It has been pointed out that “The just man here is not the man who merely begins, it is the man who perseveres. This man’s path is no meteor, which gleams and expires; no rising day, lowering into mist and darkness; it is the path of the cloudless light of heaven. Persevering piety is as the light that shineth more and more.”
In order for us to understand somewhat the force of this divinely beautiful sentence, we must call to mind that our condition in this world in the sight of Almighty God is very frequently spoken of as that of travelers on their journey; and our life altogether is represented as a way—a path—a progress. The text is said to be a kind of parable setting before us with the thoughts of travelers setting out on a journey very early in the morning, when there is a faint streak of light in the eastern sky; at first quite faint, but by degrees it grows brighter and brighter, till at last the sun rises above the horizon, and the “perfect day” begins.
The writer is reminding us that the essentials of a just man’s character have been in all ages the same. The path, the life-course, of such a man, is like the shining light. I do not think that the path of the justified is compared to the course of the sun, from the period of his appearance in the morning to the time of his meridian height. The sun is an emblem, not of the justified, but of the Justifier. The just are those whom the Sun of Righteousness shines upon. The “just” man is one that is made righteous through the righteousness of Christ imputed to him; and who is created anew in Christ, in righteousness and true holiness; and, under the influence of divine grace, lives soberly, righteously, and godly. The “path” he is directed to walk in, and does, is Christ himself, the way, the truth, and the life; through whose blood, righteousness, and sacrifice, he goes to God for grace and mercy, for peace, pardon, and acceptance, for fresh supplies of grace, and in order to enjoy communion with him; and who also is the way of salvation, and to eternal life and happiness: and, besides this grand and principal path, there are the paths of truth, righteousness, and holiness; the path of duty and obedience; the way of the commandments of God, and ordinances of Christ: and this path he walks in, whether of grace or duty, is “as the shining light”; or of the morning, when the day first dawns, or at least when the sun rises.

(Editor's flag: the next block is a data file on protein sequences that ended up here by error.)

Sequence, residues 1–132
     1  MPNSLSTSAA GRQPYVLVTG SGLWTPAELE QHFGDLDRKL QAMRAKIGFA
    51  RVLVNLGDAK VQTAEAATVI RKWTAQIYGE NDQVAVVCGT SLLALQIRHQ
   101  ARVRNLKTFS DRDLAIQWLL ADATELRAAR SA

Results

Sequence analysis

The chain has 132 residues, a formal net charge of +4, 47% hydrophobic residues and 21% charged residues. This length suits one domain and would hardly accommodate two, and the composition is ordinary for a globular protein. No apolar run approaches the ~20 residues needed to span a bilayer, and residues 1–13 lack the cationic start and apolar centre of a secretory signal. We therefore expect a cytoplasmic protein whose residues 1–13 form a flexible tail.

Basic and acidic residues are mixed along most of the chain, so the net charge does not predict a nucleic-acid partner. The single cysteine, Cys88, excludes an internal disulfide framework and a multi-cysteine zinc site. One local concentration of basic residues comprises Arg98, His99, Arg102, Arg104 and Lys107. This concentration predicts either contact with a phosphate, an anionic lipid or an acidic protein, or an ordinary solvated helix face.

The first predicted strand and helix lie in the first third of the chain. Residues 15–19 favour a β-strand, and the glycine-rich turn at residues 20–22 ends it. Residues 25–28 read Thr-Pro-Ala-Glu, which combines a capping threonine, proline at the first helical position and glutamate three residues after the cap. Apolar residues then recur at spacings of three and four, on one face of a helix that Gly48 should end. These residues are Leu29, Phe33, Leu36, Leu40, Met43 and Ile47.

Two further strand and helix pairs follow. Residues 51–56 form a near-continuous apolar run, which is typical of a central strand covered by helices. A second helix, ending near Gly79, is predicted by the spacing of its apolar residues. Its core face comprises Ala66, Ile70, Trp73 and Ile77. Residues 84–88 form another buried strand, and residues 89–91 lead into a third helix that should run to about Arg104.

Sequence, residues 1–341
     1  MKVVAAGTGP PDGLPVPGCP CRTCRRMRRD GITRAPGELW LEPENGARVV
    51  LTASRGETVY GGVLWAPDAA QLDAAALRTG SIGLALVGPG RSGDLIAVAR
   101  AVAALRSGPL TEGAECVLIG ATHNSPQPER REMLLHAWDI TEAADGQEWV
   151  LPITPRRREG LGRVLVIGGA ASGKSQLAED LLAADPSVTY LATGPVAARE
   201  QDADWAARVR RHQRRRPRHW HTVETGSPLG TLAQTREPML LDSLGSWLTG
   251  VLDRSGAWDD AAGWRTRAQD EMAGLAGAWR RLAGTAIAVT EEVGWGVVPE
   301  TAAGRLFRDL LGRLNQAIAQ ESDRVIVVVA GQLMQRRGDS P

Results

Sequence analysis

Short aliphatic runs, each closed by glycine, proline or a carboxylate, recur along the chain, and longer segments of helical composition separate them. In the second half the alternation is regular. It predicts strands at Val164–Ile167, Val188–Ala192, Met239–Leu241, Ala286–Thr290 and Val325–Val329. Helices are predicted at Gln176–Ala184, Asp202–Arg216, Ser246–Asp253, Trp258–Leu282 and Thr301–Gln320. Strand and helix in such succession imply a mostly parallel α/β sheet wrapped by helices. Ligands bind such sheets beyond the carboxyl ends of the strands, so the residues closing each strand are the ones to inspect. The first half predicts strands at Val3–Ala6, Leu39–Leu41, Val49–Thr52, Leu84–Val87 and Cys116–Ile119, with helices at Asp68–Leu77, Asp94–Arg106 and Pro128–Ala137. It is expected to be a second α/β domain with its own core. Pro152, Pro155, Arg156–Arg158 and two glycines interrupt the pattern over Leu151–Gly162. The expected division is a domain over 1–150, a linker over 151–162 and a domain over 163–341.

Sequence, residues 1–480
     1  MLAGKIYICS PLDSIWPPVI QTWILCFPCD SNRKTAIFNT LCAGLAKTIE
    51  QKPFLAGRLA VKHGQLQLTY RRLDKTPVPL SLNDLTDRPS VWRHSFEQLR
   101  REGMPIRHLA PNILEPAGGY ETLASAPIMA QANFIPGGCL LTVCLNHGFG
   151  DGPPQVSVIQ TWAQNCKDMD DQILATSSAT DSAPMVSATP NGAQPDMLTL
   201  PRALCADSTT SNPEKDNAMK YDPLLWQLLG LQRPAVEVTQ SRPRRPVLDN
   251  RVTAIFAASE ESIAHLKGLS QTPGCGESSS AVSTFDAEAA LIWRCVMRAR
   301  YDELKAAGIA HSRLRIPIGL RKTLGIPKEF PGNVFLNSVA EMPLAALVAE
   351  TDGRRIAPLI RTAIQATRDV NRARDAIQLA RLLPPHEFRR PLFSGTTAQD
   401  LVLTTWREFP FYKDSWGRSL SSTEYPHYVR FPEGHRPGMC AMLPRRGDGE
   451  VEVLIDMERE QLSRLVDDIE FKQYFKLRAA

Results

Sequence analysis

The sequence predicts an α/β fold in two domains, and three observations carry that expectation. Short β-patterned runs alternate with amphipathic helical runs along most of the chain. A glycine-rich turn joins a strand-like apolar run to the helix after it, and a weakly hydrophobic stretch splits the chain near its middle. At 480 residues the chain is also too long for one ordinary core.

Therefore, in essence, the righteous man possesses an understanding brightened by the rays of Divine truth, for the Sun of Righteousness hath shone into his soul. His heart is beautified by the light of purity, diffusing a pleasant luster around him in his conversation; and his spirit is cheered with the light of joy and consolation from the countenance of God. Just men daily grow in knowledge, and grace, and consolation, until all be perfected and swallowed up in glory. However, the path of the wicked is gloomy, dark, and dangerous; that of the righteous is open, luminous, and instructive. This verse contains a fine metaphor; it refers to the sun rising above the horizon, and the increasing twilight, till his beams shine full upon the earth.
As was observed, “God’s promises are like the star, the darker the night, the brighter they shine.” — D. Nicholas

Have a Great and God filled Day

Pastor C


God Knows our Pain

Category : General

James 5: 7 (KJV)
7Be patient therefore, brethren, unto the coming of the Lord….

It is said, “Affliction and suffering have been appointed by God as instruments He uses to make us more holy, to make us more like Jesus. They remind us that we are weak and we must rely not on ourselves, but on Jesus. They remind us that this world is not our home but that we are only passing through toward our real home in heaven with our Father, our Savior, Jesus Christ, and our Comforter, the Holy Spirit.”